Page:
Bend It Like Beckham is an excellent example of a film that espouses old-school British colonialist values. It depicts the struggle of an Indian family to hold onto its culture against the pervasive and stifling British culture that attempts to absorb the Indians into itself, and is ultimately successful in doing so. Furthermore, the Indian parents trying to raise their daughters as Indians are consistently portrayed as stifling their daughter’s dreams, while British culture—represented largely by a football team—is depicted as free-spirited and liberating.
The film refers briefly to a period in British culture where minority immigrants were excluded from and shunned by mainstream British society; Mr. Bhamra*, the heroine’s father, tells a story of being expelled from a British cricket club and Jess herself says “It’s not like it used to be”, referring to once-nonexistent diversity in British sports. This period has been succeeded by a shift in the dominant culture. Instead of excluding its immigrants, at the time of Bend It Like Beckham, British society seeks instead to assimilate its immigrants and make them indistinguishable from native Brits in terms of their culture.
The battle between the dominant British culture and the enveloped Indian culture is fought in the hearts and minds of the Indians’ children. For many—indeed, most—of the Indian teens and twenty-somethings in this film, British culture has already won out. The ‘kids’ (for want of a better term) speak in British accents, dress in British fashion (Pinky’s friends dress and speak in slutty fashion, and Tony’s friends are typical Western douchebags) and adopt non-Indian names (Jess, Pinky, Tony). Moreover, they display materialist obsessions typical of capitalist society, fawning over and desiring such things as hair and nail treatments, shoes, bras and fancy clothes.
Jess, however, is still deciding between the two worlds she is presented with. Her Indian parents attempt to influence her throughout the film by teaching her to cook Indian food, to dress in Indian fashion and to respect her elders. They are consistently depicted as restrictive of Jess’s desires, uncaring for her needs, and in the words of Jess’s teammate, “backward”. Jess resents this treatment and dreams of playing football openly in America; never in the film is she seen to take pleasure in an Indian custom or routine.
By contrast, once she is exposed to the world of clubbing, football and friendship that defines this movie’s British culture, Jess is a convert. Although she’s initially uncomfortable with the team’s culture, particularly in the case of locker-room nudity, Jess overcomes her initial misgivings and is accepted into a nominally color-blind team (it’s captained by a black girl, but most of the rest are white).
Jess’s struggle is emblematic of the struggles of her generation as a whole, specified through the experience of one Indian family. She has no interest in learning about her native Indian culture, as can be seen throughout the film. Rather, her inclination the entire time is to embrace what is portrayed as liberal, color-blind British culture rather than “backward” Indian culture. In that sense, the battle has already been lost on the level of Jess’s heart. But the deeper loss comes in the climax of the film, where Jess’s long-suffering parents cave and allow her to play soccer professionally. In essentially giving up on the idea that Jess will follow the Indian path, the Bhamras are also abandoning their attempt to preserve their culture in the person of their daughter. They are surrendering influence over her life to British values rather than Indian.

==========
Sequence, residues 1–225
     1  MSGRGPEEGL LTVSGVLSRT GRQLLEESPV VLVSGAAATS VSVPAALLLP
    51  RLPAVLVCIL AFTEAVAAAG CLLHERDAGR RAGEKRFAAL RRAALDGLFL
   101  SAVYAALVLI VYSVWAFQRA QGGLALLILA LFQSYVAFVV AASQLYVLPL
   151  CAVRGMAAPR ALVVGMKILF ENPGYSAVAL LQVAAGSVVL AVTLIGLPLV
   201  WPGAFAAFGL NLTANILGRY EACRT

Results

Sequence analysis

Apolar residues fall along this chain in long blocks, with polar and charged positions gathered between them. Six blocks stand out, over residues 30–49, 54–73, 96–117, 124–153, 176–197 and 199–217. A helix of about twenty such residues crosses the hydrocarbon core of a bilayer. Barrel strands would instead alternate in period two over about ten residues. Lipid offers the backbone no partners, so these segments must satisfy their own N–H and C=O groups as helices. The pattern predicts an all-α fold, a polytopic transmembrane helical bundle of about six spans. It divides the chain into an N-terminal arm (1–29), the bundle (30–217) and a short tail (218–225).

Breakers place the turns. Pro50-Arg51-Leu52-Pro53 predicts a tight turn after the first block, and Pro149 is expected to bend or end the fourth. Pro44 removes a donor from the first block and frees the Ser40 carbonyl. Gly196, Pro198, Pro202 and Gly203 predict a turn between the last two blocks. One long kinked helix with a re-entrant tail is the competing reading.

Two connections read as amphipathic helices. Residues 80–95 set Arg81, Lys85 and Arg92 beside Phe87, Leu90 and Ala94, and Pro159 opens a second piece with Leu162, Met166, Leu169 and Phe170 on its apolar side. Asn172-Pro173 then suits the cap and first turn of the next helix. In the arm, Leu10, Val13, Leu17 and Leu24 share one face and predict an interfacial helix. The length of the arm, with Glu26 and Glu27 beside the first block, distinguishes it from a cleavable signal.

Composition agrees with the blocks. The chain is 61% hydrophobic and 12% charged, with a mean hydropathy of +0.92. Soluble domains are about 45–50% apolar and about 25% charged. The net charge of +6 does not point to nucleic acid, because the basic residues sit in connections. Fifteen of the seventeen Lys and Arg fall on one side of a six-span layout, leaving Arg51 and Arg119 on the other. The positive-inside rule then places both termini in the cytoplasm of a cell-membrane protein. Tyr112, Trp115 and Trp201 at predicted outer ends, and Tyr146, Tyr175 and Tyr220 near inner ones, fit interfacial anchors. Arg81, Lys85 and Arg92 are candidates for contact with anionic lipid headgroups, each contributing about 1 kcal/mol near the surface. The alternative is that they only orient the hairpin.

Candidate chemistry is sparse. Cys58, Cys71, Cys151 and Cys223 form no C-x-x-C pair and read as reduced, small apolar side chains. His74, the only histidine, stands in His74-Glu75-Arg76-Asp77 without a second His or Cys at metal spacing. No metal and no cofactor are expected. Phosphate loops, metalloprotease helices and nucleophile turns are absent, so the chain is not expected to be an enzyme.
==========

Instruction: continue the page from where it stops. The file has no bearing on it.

Although the Bhamras’ other daughter Pinky has been married off in Indian fashion, she is more squarely aligned with British values (materialism, concern with Western dress, British accent, snogging before marriage) and represents another failure to preserve proper Indian custom. Both her friends and Tony’s friends, the primary groups of young Indians seen in the film, also fail this standard as discussed above.
Of all the Indian youth seen in the film, only one measures up to proper Indian standards. Tony is quiet, polite, listens to his mother and is a model Indian youth in his elders’ eyes. However, he’s also either gay or bi (this isn’t quite clear) and thus an imperfect specimen of Indian youth (again, through his elders’ eyes, although they aren’t made aware of his sexual orientation in the film). This means that although the parents do not realize it, their sons and daughters have universally failed to become “proper Indians”. All of them have been ‘tainted’ by British culture.
Jess was the last, best hope to carry on the wishes of her parent generation and become a model Indian lady. With her ‘switching sides’, the victory of British culture is complete. Every Indian youth in the film has been assimilated into the dominant culture, and Indian custom and mindset survives in the minds of the children only in diluted form. Bend It Like Beckham perfectly illustrates the assimilation of the children of a group of immigrants, and depicts the victory of British culture in the war for the hearts and minds of its immigrants’ sons and daughters.
*The Bhamras are the Indian family in question; Jess is their daughter, Tony is a friend of Jess's, Pinky is Jess's sister.